Neil Gaiman Talks Good Omens

Neil Gaiman Talks Good Omens

Novel Approach

Gaiman’s TV adaptation of his and Terry Prachett’s Good Omens is coming to UK terrestrial TV this January and here’s Gaiman talking about it…

You wrote the original novel with the late Terry Pratchett. What did you love about Terry as a writer?

He was the most wonderful writer. He was a craftsman who regarded art in the same way that a really good medieval craftsman regarded his craft. If you build it right, it will be beautiful. You don’t set out saying: “I’m an artiste and I’m going to make something beautiful.” You set out saying: “If I craft it right, it’s going to be beautiful.” It’s like a 12th century cathedral or a piece of Chippendale furniture. It will inspire awe and beauty because it’s so well built.

Why is Michael Sheen so well suited to the role of Aziraphale?

He is a massive fan of the book. He read it as a 20-something at drama school and loved it. When this production was being discussed, he was the first person I went to. He said: “Ah, yes, you want me to play Crowley.” “No,” I replied, “I want you to play Aziraphale.” Crowley is the sexy dude in the sunglasses, but Aziraphale is the heart of this story. He is also the one that changes. That’s very important to the story – who changes? The Crowley at the end is the same as the Crowley at the beginning. But the Aziraphale at the end is not quite the same as the one we went in with. He’s grown and changed. I needed someone who could show that progress.

Why does David fit the role of Crowley so well?

In my head, David was the dream casting for Crowley, but I felt sure it wouldn’t happen. That’s the best way to avoid disappointment. So when David said he’d love to do it, I was just delighted. He brings an insouciance and a slouchiness which I love. He’s not playing it as Doctor Who or any other previous characters. His Crowley is so much loucher than that. He’s a slightly cynical, wonderful demon.

How did other castings happen?

We got a lot of people because they were big fans of the book. For instance, Jon Hamm read it and loved it, although he confided in me that he thought it was unfilmable! I wrote him an email saying: “I’ve written the new part of Gabriel. He is the leader of the angels. I need someone to play the coolest, smoothest, best-looking angel. Will you do it?” I quickly got reply saying: “Oh my God, I thought it was unfilmable, but I love these scenes!”

What did Douglas McKinnon give to the show?

What he brought to the production was even more than we were expecting. He and his director of photography have made something stunning. But the most amazing thing is Douglas’s eye for detail and just how unexpectedly beautiful he has made this world. It absolutely gives me a kick to see it brought to life. It’s magical.

So Douglas has endowed Good Omens with an amazing look?

Definitely. This world has its own visual language. It’s gorgeous and glorious. I showed an early version to Jeff Bezos, the head of Amazon. His reaction was: “It doesn’t look like anything I’ve seen before.” What a lovely thing to say.

For many years Good Omens was going to be a movie. Why does it work better as a TV series than a feature film?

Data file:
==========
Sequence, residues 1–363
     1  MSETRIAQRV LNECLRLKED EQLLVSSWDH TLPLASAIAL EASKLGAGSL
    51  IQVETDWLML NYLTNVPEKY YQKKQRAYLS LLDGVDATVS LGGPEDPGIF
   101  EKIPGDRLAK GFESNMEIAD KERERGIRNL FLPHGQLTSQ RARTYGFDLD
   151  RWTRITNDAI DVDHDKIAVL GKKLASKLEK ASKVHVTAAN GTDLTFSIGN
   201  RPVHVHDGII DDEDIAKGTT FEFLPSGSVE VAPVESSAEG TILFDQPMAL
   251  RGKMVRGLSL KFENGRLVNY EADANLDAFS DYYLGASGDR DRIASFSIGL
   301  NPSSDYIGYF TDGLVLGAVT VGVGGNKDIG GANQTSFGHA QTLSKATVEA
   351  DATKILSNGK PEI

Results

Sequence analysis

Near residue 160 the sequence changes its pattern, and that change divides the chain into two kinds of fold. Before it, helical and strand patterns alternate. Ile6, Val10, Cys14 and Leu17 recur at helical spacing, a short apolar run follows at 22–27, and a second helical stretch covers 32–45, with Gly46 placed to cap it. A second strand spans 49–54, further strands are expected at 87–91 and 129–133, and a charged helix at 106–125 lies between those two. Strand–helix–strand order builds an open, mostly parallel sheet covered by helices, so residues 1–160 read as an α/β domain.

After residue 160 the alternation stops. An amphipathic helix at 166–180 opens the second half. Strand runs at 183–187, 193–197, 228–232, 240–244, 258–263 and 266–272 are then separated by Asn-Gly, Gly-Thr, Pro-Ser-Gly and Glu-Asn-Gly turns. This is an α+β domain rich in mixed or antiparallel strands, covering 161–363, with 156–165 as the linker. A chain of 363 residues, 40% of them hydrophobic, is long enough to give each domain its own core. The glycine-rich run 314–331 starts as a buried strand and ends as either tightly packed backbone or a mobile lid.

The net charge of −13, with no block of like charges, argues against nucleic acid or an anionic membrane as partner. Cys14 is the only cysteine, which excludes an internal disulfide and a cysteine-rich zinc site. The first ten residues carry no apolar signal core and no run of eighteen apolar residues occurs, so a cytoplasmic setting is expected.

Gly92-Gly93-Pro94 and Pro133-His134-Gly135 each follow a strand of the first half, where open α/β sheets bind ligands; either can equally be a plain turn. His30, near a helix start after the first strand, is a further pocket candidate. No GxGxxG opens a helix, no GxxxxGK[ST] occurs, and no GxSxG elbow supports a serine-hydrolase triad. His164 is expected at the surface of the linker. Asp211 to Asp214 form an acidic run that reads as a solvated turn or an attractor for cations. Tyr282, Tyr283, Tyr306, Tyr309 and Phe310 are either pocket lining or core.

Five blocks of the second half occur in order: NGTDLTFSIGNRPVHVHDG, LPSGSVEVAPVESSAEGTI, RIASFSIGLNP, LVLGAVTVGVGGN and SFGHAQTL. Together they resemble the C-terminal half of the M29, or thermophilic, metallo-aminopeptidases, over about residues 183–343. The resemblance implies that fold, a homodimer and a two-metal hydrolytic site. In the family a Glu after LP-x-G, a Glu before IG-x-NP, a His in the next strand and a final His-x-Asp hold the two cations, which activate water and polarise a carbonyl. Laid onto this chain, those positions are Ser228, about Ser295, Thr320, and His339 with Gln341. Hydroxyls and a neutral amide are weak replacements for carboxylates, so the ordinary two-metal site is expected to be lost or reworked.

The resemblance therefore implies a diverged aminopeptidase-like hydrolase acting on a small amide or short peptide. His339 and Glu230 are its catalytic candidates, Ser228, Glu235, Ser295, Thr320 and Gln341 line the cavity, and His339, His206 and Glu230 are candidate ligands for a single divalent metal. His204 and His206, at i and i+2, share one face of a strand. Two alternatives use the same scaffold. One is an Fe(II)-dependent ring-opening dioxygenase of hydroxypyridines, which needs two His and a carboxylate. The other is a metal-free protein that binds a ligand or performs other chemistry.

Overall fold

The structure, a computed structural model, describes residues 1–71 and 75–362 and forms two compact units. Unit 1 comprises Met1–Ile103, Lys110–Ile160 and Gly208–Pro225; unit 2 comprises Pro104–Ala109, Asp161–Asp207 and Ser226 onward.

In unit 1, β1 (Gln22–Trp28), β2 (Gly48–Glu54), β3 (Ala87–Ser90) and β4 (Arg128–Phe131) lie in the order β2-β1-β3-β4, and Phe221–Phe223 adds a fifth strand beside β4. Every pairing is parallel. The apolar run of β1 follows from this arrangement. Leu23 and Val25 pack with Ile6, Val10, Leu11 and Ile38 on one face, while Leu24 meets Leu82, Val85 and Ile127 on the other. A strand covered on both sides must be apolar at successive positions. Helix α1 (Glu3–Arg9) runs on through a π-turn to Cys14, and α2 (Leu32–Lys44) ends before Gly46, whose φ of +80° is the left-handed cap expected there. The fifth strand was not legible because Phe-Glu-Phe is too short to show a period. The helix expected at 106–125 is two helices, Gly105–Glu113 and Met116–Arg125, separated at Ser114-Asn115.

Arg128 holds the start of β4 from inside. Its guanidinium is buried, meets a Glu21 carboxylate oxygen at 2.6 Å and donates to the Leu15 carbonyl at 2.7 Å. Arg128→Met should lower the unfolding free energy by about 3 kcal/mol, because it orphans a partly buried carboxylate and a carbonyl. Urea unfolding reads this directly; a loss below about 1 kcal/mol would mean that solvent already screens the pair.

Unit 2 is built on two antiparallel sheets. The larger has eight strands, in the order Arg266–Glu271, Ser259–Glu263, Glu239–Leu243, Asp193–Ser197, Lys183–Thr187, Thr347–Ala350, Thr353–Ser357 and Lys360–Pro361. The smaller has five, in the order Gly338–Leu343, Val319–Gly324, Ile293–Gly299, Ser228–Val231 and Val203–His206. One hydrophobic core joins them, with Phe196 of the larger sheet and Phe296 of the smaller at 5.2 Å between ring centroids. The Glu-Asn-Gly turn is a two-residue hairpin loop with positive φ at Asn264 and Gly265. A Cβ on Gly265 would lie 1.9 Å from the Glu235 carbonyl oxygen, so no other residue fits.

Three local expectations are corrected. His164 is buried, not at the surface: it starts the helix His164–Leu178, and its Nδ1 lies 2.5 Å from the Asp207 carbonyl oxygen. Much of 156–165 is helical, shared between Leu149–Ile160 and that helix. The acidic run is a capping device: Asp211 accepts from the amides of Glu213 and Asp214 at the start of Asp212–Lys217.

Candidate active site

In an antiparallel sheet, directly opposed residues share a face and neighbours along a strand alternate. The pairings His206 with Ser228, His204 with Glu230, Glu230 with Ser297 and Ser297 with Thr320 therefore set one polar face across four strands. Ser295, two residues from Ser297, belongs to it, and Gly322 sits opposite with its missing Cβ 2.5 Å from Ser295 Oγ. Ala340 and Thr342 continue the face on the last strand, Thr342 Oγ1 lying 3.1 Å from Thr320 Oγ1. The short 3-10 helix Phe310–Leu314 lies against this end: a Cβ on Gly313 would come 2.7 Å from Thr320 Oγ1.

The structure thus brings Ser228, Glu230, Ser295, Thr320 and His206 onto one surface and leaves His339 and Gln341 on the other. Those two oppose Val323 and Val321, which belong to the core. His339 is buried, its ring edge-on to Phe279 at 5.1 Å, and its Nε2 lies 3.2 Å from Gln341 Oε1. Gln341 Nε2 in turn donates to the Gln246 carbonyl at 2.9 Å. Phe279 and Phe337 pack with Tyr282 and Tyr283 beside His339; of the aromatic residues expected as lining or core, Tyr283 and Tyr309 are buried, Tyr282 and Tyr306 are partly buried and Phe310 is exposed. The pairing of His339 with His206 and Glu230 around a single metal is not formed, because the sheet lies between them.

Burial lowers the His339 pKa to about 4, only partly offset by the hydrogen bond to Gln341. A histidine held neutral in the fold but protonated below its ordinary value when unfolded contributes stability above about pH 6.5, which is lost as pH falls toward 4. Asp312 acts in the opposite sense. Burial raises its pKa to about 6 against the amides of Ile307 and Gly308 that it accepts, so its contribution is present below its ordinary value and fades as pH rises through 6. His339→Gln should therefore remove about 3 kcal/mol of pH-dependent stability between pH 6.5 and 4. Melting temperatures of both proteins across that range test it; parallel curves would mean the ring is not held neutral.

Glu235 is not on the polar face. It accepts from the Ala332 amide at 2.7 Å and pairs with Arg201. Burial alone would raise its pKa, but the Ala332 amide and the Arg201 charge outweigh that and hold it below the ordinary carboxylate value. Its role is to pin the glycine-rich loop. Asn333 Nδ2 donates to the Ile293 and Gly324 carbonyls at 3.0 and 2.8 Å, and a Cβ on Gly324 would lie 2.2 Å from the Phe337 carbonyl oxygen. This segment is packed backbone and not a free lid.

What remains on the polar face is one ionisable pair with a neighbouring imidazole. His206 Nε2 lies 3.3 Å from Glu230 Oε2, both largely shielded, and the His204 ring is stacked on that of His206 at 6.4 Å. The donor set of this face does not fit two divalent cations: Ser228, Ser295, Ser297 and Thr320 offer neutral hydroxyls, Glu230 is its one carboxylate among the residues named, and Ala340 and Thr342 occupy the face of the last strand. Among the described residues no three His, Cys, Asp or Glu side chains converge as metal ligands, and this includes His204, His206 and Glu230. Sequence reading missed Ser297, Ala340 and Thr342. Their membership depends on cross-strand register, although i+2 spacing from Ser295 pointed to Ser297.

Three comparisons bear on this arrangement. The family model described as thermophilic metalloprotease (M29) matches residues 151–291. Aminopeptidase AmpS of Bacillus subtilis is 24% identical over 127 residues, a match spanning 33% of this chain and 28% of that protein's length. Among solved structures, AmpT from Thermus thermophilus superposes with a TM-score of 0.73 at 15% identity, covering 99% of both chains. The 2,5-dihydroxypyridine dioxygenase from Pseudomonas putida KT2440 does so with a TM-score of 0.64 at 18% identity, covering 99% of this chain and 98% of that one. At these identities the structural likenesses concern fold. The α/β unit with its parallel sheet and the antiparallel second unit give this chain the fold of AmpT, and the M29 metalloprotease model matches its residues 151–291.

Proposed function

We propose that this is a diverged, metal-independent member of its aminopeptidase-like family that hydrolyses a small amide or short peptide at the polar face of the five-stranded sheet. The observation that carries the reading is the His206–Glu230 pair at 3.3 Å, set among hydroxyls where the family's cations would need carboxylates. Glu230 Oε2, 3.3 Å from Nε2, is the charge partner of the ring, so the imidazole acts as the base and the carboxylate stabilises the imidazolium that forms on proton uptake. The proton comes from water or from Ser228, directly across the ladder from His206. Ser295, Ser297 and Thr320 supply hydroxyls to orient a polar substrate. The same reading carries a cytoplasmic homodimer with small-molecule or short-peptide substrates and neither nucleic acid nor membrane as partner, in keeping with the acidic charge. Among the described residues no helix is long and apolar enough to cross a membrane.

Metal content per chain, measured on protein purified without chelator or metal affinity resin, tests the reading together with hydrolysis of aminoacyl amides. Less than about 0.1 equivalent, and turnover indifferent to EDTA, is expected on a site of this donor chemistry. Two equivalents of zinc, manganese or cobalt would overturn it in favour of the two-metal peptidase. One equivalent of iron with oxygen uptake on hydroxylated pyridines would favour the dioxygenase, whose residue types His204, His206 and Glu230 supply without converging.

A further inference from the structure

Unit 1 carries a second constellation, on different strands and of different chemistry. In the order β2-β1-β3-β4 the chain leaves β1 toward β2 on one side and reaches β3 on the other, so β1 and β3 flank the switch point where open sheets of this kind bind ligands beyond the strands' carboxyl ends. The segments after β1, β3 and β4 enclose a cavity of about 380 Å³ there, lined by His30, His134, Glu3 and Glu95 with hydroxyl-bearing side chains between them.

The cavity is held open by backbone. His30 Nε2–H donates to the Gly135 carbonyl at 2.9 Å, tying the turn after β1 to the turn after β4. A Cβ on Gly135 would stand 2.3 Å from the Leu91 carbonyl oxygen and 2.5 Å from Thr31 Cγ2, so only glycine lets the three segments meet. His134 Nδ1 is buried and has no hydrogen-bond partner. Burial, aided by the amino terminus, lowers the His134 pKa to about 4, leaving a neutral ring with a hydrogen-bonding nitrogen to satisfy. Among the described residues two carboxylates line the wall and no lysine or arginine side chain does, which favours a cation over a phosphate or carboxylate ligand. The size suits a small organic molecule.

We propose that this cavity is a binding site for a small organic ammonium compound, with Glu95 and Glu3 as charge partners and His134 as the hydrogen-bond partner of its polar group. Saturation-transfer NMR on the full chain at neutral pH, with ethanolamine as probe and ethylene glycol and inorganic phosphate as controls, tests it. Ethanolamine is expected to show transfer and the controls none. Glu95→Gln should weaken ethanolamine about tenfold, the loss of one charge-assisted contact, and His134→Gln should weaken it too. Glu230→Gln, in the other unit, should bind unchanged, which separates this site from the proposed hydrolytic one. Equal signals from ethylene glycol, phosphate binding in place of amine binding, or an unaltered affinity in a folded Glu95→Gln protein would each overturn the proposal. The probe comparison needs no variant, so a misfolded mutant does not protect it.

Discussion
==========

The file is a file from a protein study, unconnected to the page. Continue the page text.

Because when you have got six hours, you throw away less of the original book. You can even add stuff. When I broke down episode three, I realised there was not much of Aziraphale and Crowley in it. So I wrote a whole new 20-minute, mini-movie of Aziraphale and Crowley through the ages – in Roman times, with medieval knights, during the Second World War. How much fun was that! I got to indulge my inner fantasy. I was writing my own fan fiction!

Everyone is really committed to this production, aren’t they?

Yes. It’s a hugely loved book. A lot of the cast are huge fans of the book, which means that they’re very passionate about the project. For instance, Josie Lawrence, who is the only original cast member from the radio version of Good Omens, was desperate to reprise her role as Agnes Nutter, but at first it was impossible. She was opening that week in Mother Courage. But we really wanted her, so her director very kindly stood in for Josie at the technical rehearsal for Mother Courage – which never happens – so Josie could do Good Omens. People are willing to go the extra mile to be in this, which is wonderful.

Why is the book of Good Omens so popular?

People love the relationship between Aziraphale and Crowley. When I was writing the script, I was determined never to lose sight of the fact that on some weird level it’s a love story between Aziraphale and Crowley. People might grab the wrong end of the stick, but it’s a relationship that develops over 6,000 years. It’s a rather strange and glorious friendship between two incredibly different characters.

While Aziraphale means well, he’s wrong an enormous amount of the time. Meanwhile, Crowley is a demon who sees the worst in human nature and yet is right a lot of the time. There is a line from the book, where Aziraphale says: “Imagine how terrible it would have been if we were at all competent!” They are gloriously incompetent, and the fact that they’re more human than they care to admit drives the plot and is one of the things that people love about Good Omens.

What do you hope that viewers will take away from Good Omens?

I hope people will fall in love with the characters. I want to make something that bears rewatching and gives you something more every time you rewatch it. I know moments in Good Omens pay off with repeated viewing. When you rewatch it, you think: “Oh my God, that’s why they set that up.” Mostly, I want audiences to walk away in love with Michael and David and want to spend time with these characters. The best thing about good TV is that you’re spending time with characters who become part of your family. I hope the characters in Good Omens will become part of your family.

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